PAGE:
barely hear myself over crowds’ singing. These shows gave us in the band an
indescribable feeling of joy, one that I’m sure Mr. Chenevert will never
experience in his pathetic excuse for a career. I imagine the closest he
will come to such euphoria will be masturbating to a Deerhunter record while
reading the single comment left for his review bashing Coheed and Cambria.
I win.

Happy New Year.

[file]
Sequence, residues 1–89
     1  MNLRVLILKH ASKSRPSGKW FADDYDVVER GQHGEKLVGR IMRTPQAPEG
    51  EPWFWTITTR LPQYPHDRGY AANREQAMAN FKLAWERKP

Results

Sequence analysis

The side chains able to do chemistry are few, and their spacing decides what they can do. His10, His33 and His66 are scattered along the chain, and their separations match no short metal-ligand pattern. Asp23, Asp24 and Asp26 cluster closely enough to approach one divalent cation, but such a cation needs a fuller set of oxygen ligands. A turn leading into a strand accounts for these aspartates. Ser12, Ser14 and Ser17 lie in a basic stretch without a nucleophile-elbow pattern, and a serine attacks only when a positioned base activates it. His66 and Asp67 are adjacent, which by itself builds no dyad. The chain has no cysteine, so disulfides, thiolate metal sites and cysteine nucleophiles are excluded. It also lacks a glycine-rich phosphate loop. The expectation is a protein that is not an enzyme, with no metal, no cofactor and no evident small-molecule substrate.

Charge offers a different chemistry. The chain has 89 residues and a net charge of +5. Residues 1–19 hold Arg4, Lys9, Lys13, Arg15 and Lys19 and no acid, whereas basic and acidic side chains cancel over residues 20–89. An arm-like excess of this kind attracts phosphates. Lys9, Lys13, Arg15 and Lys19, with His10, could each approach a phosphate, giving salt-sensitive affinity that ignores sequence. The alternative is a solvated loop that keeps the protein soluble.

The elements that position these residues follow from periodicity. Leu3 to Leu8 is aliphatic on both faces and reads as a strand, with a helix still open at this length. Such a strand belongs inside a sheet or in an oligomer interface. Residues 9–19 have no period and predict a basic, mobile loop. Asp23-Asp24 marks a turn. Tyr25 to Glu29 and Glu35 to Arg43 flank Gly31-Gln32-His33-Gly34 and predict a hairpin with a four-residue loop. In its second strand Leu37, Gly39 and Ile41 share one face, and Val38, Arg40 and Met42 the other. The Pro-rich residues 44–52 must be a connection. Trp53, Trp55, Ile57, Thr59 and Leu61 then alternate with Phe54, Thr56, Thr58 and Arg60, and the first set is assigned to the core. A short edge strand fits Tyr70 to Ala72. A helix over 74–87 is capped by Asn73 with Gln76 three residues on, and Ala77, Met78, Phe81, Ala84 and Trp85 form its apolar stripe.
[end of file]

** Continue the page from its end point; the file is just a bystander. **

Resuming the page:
Everyone gets upset when they read a negative review. But what Ken did was deplorable, unacceptable for an artist who takes himself even remotely seriously. I can’t fault him for wanting to respond to this article, in all fairness. This article is trash. This article was clearly written, as said before, to get the attention of the fans of the Starting Line and make them angry. The author is a bad writer who deserved to be taken to task for his self-indulgence. HOWEVER–and this is indeed a big HOWEVER, big enough to warrant all capital letters–this is perhaps the last way to go about taking anyone to task. Kenny played all the classic cards–the hipster card, the “I’m better than you” card, the “BUT IT MEANS SOMETHING TO SOMEONE” card–and went the way of Bemis in “Admit It!!!” with divisive language that rather than addressing the shortcomings of a bad article simply does the same thing as playground name calling.